“Right now, we know who’s coming in,” he said. “If we try to eliminate travel, the possibility that some will travel over land, will come from other places, and we don’t know that they’re coming in, will mean that … when they arrive, we wouldn’t be able to impose quarantine as we now can if they have high-risk contact.”

On Thursday evening, Obama said he might consider imposing a ban on travel to Ebola outbreak areas, but he fears it could encourage the sick to hide their illness and result in “more cases rather than less.” But the president said he “may consider it if experts recommend it.”

Obama emphasized, as have Frieden and others, the need to focus on containing the outbreak in West Africa.

The president signed an executive order Thursday authorizing the Pentagon to call up additional Ready Reserve forces to assist in the ongoing U.S. military effort to combat Ebola in Liberia, Sierra Leone and Guinea.

The order was aimed at calling up personnel with key skills, according to an administration official; so far the Pentagon had identified just eight people for the mission.

Obama also met at the White House for the second day in a row with senior officials coordinating the federal Ebola response.


Separately, the Pentagon said the U.S. military would build 17 Ebola isolation and treatment units with 100 beds each at several locations in Liberia by early December as part of a $750-million operation to help stem the spread of the deadly virus.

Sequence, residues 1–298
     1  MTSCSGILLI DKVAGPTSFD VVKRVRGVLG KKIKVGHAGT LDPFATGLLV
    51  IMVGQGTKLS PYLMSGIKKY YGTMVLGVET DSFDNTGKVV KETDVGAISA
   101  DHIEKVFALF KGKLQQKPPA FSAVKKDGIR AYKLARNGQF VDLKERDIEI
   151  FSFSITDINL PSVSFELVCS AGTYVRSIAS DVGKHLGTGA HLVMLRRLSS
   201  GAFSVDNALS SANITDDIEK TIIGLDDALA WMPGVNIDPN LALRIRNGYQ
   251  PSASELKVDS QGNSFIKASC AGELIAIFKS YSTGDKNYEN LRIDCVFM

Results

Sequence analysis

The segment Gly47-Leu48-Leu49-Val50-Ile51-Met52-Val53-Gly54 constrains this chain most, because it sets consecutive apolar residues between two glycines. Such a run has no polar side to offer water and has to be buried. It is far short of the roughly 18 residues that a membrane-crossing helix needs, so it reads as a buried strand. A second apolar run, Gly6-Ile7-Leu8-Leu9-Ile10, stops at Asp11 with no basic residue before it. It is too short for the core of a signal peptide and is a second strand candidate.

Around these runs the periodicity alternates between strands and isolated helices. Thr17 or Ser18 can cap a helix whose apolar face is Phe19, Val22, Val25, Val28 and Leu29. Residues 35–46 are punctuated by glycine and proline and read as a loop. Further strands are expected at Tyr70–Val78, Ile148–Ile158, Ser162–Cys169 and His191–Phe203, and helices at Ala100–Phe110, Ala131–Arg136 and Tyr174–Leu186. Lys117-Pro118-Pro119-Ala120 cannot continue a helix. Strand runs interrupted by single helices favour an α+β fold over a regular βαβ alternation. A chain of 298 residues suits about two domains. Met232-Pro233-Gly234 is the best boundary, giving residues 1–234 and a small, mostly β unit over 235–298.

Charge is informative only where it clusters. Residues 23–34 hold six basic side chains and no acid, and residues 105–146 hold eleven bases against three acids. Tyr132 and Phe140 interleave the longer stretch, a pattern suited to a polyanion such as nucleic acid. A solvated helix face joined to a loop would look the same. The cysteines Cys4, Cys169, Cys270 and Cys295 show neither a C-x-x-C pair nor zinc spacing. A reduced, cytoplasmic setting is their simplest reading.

They also will build one 25-bed hospital for health workers who come down with the virus. The first ward has been completed but is not yet operational, officials said.

The military also will build facilities that can be used to train local healthcare workers. Plans call for training 200 a week in Monrovia, the capital, and about 300 elsewhere in the country.

Maj. Gen. Darryl Williams, interim commander of the Ebola mission, told Pentagon reporters by phone from Liberia that U.S. troops take necessary precautions even though they don’t deal directly with Ebola patients.

“With respect to Ebola, it’s all about discipline,” he said, adding he had his temperature taken eight times on Wednesday to make sure he didn’t have a fever. “We step on chlorine. We don’t shake hands. We keep our distance.”